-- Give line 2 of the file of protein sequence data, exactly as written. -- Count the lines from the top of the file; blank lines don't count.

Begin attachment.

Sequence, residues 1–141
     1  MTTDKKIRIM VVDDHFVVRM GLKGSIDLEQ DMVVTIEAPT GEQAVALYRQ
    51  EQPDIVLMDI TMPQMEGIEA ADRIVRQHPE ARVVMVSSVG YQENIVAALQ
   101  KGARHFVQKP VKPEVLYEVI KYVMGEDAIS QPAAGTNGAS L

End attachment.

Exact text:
     1  MTTDKKIRIM VVDDHFVVRM GLKGSIDLEQ DMVVTIEAPT GEQAVALYRQ